Done with sensitivity and over a period of time, loving-kindness meditation gradually develops a deeper self-acceptance, a strengthened appreciation of those one already loves, a warm and growing interest in casual acquaintances and less ill-will towards those one previously did not like.
Everyone, individually and generally, should be suffused with love and compassion, sympathetic joy and equanimity, and one’s behaviour towards them should be motivated by the Brahma Vihāras.’ (Ja.II,61).
‘If the freedom of the mind brought about by love is cultivated and enhanced, always practised, made one’s vehicle and foundation, strengthened, consolidated and properly undertaken, one will be blessed in these eleven ways.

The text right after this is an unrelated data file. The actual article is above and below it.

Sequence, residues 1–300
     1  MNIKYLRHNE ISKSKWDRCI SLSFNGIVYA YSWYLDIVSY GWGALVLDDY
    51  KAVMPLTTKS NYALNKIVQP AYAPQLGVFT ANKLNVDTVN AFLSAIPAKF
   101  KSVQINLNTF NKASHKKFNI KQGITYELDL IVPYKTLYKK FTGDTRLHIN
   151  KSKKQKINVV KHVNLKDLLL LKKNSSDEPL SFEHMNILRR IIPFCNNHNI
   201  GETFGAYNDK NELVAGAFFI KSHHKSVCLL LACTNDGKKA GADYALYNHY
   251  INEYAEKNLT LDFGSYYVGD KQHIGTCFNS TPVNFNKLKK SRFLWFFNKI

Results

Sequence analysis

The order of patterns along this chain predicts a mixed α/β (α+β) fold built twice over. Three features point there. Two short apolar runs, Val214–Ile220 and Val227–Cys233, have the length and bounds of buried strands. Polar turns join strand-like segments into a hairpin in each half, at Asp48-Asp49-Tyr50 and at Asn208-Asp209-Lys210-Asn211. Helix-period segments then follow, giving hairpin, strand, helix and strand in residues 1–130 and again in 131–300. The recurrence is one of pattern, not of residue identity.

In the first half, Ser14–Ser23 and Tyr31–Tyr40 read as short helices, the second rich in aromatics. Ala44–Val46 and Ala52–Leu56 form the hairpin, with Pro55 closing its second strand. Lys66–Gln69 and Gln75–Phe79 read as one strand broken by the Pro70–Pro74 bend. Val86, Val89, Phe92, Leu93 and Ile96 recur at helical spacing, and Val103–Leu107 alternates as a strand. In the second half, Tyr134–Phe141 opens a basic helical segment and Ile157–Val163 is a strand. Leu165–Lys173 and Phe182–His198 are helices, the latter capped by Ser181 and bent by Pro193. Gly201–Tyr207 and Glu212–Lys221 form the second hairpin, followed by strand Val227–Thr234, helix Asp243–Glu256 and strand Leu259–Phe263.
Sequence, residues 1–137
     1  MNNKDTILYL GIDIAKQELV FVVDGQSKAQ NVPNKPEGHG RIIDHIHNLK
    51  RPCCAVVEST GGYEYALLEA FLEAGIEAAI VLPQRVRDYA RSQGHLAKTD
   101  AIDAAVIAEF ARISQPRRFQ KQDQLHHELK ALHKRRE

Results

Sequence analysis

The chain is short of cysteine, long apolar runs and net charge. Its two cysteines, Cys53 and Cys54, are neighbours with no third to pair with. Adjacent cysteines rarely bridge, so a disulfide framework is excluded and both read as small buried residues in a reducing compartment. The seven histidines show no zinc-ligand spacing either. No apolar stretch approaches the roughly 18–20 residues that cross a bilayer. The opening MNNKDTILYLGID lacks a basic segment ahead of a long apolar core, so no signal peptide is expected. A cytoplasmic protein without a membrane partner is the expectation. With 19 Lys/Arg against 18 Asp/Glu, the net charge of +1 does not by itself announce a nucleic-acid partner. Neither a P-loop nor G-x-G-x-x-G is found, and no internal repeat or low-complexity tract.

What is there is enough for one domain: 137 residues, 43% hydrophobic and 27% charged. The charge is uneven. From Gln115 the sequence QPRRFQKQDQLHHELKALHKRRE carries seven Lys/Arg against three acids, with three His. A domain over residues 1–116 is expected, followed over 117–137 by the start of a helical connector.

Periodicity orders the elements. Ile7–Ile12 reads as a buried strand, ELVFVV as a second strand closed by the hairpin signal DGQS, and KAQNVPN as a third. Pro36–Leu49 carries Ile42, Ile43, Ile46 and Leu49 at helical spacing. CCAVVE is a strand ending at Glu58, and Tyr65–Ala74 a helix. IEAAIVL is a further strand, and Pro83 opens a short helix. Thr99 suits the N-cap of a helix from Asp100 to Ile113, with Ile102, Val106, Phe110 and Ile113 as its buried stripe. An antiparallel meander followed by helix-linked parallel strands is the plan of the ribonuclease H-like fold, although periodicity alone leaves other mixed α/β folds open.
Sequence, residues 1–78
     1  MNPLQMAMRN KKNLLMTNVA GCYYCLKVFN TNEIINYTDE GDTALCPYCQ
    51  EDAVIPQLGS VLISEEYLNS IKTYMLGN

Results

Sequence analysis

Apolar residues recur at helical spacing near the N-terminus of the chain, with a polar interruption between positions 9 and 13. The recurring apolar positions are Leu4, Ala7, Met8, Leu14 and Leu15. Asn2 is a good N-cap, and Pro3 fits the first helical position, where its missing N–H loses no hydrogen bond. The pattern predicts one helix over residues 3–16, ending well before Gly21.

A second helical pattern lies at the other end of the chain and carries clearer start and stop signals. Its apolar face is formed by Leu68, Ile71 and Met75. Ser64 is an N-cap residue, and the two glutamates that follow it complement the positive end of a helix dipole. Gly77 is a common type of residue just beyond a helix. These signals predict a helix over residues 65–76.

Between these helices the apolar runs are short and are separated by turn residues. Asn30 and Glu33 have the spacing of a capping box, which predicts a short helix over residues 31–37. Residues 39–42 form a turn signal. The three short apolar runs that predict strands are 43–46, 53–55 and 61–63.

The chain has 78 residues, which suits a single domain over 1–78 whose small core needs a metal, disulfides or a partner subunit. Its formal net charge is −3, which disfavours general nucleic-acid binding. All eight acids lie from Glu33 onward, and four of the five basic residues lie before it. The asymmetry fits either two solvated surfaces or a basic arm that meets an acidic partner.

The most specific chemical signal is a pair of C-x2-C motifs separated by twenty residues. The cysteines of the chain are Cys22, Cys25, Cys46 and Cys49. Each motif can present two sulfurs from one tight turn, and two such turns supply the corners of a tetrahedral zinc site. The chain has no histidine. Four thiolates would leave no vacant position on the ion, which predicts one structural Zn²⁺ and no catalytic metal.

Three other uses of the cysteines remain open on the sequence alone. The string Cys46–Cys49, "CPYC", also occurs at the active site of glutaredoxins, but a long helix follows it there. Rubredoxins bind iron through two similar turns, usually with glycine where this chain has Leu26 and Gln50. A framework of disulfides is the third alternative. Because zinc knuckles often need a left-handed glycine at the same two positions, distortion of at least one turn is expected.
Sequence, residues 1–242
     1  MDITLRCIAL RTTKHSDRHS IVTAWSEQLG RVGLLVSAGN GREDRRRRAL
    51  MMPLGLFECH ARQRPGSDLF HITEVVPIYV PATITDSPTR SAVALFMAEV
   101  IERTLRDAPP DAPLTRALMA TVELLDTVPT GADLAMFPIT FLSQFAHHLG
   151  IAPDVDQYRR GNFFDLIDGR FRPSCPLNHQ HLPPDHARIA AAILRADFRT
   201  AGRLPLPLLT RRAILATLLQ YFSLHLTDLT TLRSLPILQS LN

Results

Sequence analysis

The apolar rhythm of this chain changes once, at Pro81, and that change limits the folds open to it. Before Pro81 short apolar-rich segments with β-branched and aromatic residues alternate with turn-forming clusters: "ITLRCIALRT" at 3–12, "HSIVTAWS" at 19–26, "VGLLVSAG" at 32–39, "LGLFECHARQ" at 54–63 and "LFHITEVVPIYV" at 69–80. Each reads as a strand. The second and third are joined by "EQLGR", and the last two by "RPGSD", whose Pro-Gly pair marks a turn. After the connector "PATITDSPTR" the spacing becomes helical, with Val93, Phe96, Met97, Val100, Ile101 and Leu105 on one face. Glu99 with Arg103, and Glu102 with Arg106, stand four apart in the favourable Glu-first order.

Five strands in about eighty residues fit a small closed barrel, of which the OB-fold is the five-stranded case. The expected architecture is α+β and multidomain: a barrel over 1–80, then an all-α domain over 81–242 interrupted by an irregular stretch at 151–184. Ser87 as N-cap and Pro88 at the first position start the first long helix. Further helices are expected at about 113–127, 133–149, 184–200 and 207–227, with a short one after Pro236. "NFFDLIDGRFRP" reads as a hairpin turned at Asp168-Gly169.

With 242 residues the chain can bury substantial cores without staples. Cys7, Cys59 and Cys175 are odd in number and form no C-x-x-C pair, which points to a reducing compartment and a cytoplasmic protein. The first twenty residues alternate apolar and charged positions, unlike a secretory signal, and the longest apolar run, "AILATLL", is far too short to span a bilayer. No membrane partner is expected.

One sleeps happily, wakes happily, has no bad dreams, is dear to humans, dear to nonhumans, cherished by the gods, protected from fire, poison and weapons, easily concentrated, has a radiant complexion, passes away peacefully and after death at the very least is reborn in heaven.’ (A.V,342). See Brahma Vihāra.